**

*"

,,!!!, i :

1 Frequency [rad's -~]

0,1

10

100

b ,2 a

0'15 ~ ! m

T ~'t *, A It | It A II*tA

e' nu u

i

0,05

'"..!

e, ,.+ '**~'**'t'l**~ " ' " ' " '" " ' " "t,lt, 1~11t " " 'IF1.

0,1

....... 100

Fig. 1. Calculated complex modulus (la) and damping (lb) at zero porosity as a function of the rate of deformation of compacts compressed from different sieve fractions. Symbols: (*) <25 pm, (O) 53-75 #m, (*) 75-106/~m, (+) 106-149 pro, (A) 212-300 pro, (11) 600-850 pro. The error bars give the 95% confidence intervals of compacts produced from particles of 53-75 /tm at a frequency of 1 rad s- ~.

experimental data (illustrated for compacts made from sieve fraction 53-75 p m at a frequency of 1 rad s-1), the figure demonstrates increasing complex moduli with decreasing initial particle size. This result is not evident for reason that extrapolation of the complex modulus to zero porosity is thought to yield the material properties (Bassam et al., 1988). However, the observed dependence of the complex modulus on the initial particle size may be explained if it is realized that the resistance against deformation of a compact is the result of the rigidity of the particles themselves and the total number of bonds between all particles. Where interparticle bonding increases with decreasing particle size, deformation of the compact will increasingly be affected by deformation of the particles themselves, giving highest complex moduli for the compacts compressed from the finest particle size fraction. Thus, the complex modulus of the material will best be represented by the data as obtained for the compacts compressed from the smallest particle size fraction and extrapolated to zero porosity. Values of the damping vary between 0.1 and 0.2 depending upon rate of deformation (Fig. 1b). As the storage modulus is about one order of magnitude larger than the loss modulus, it is concluded that the material is merely elastic at small deformations. Moreover, it is noted that calculation of the damping causes an increase in relative error, as illustrated in Fig. lb for the compacts made from sieve fraction 53-75 /zm. Consequently, no significant effect of particle size is shown. D M A is a technique that measures at small strains, and the changes of deformation are mainly reversible as indicated by low values of the damping. On the contrary, consolidation really forces a material to deform largely, resulting into permanent changes of shape of the material. The outcomes of the two distinct methods (DMA and consolidation) cannot be superposed, but can rather more be considered to complement each other. This is elucidated in Fig. 2, which is the representation of the stress-strain curve. The solid line represents the stress-strain relation of viscoelastic materials. At small deformations, the material behaves like a mainly elastic solid, and stress and strain are proportional. The propor-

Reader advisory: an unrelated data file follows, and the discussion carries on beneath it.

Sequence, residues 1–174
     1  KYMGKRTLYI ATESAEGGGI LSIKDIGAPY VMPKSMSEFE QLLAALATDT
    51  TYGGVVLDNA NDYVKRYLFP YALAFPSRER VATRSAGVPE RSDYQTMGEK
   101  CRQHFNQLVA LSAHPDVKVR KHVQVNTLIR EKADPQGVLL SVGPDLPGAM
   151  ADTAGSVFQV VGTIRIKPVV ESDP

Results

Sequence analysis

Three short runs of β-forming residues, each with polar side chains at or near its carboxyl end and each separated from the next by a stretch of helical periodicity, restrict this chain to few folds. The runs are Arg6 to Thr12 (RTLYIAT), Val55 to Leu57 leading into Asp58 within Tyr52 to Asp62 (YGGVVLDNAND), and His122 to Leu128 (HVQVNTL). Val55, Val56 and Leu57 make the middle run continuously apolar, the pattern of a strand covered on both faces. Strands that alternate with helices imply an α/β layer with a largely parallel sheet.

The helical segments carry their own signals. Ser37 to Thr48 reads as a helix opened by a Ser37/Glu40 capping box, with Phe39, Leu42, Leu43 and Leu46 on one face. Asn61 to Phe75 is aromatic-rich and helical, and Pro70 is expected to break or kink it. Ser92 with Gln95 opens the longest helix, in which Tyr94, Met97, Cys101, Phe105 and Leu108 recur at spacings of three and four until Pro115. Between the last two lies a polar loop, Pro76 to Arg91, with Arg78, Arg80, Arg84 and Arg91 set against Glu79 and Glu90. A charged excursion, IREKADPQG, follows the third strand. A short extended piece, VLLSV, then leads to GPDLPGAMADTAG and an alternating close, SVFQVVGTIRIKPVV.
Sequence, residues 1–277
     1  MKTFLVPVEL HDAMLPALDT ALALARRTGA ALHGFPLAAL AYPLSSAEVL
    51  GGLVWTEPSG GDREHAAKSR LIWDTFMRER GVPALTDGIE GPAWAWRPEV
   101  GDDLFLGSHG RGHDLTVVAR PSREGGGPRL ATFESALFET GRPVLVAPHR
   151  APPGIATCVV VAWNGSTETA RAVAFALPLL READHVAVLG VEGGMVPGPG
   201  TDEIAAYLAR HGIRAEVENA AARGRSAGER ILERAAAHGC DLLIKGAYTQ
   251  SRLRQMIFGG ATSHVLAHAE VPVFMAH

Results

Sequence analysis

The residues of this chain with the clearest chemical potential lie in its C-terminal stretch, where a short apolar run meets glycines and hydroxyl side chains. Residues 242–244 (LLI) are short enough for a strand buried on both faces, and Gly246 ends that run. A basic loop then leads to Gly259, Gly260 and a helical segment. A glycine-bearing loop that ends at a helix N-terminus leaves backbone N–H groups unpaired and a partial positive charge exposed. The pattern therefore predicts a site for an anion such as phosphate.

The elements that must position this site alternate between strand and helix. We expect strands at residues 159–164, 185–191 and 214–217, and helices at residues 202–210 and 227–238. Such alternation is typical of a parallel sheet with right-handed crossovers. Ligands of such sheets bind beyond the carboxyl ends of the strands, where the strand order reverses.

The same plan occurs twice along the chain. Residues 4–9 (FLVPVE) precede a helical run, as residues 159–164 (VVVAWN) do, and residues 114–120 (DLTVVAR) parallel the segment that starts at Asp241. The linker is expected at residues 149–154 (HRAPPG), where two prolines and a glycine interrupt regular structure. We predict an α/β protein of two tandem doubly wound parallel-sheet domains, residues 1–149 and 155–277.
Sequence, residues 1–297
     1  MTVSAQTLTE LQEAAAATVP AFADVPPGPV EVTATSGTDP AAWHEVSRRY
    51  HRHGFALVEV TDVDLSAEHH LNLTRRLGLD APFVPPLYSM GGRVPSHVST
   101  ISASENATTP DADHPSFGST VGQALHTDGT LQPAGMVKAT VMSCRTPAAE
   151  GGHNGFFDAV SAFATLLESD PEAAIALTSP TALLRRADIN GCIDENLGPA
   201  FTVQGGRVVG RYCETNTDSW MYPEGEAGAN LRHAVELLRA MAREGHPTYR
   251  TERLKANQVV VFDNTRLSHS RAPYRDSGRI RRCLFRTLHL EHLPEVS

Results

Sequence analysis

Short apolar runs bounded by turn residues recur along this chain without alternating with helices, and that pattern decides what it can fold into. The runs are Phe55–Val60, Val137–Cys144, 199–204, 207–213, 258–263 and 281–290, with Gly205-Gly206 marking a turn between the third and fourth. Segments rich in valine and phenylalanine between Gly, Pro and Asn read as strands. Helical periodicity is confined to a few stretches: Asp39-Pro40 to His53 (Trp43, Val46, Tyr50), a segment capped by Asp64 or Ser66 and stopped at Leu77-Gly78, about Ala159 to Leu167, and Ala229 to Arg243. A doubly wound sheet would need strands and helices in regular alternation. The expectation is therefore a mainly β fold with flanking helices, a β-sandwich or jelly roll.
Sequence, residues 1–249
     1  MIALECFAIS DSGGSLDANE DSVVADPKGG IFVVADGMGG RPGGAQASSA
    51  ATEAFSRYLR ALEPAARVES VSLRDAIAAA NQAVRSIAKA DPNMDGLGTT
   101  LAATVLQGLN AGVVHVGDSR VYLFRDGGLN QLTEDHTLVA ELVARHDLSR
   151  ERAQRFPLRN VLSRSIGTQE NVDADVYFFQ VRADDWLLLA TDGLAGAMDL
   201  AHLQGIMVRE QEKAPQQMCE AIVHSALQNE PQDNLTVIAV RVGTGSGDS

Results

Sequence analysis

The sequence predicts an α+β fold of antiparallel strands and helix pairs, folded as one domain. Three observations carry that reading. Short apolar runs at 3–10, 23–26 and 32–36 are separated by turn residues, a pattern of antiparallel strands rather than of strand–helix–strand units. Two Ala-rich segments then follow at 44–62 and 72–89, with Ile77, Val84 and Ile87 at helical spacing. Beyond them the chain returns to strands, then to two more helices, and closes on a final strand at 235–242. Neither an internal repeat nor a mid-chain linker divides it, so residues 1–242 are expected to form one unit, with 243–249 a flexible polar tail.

K.V. Maarschalk et al. /International Journal of Pharmaceutics 140 (1996) 185 193

0,004

189

ac

~

b

................................

,11

~ <---0,003 Z

~

g' o

0002

L) 0,001

~/c

Deformation

0 0 i " 100 200 Specific surface area [m~-kg .i] ! 300

Fig. 2. Stress-deformation relation (solid line), simplified relation (dotted line) and energy storage of viscoelastic materials.

tionality constant equals the complex modulus and depends on the rate of strain. At larger strain, stress reaches a m a x i m u m value, the yield strength (o-o). Behind this point, the material behaves rather as a viscous than as an elastic solid. Values for yield strength (ac) can be derived from Heckel-plots (ln porosity versus pressure) using an emperical relationship between slope (K) of the linear part of the plot and yield strength, as indicated by Heckel (1961a,b)

1

Fig. 3. Critical deformation of the test materials as a function of the specific surface area at different rates of compaction. Symbols:(ll) 3 m m s i, ( + ) 30 mm s-t (,)300mms i.

(re = 3' K

(6)

The values of the yield strength of the different sieve fractions as calculated from Heckel-curves at different compression speeds are depicted in Table 1. The table shows a direct relation between compaction speed and yield strength. On the contrary, no relation is shown between the yield strength and the initial particle size. Yield of a material is Table 1 Yield strengths [MPa] of the test materials at different compaction speeds Sieve fraction (/lm) Speed (mm s - ~ ) 3 <25 53-75 75-106 106 149 212 300 600-850 18 17 21 20 19 22 30 24 21 24 25 24 23 300 29 25 30 30 31 29

obviously rather a material characterisation than a property of particulate matter here. Knowing both the complex modulus (from D M A measurements) and the yield strength (from compaction experiments), it is possible to derive a simplified stress-deformation curve by plotting a straight line with slope E* up to yield strength (rc (Fig. 2, dotted line). F r o m this point the substance deforms plastically, where further deformation does not result in additional stress. The corresponding strain, the 'critical deformation' (7c), can be derived by

/9"c

)" = E--~

(7)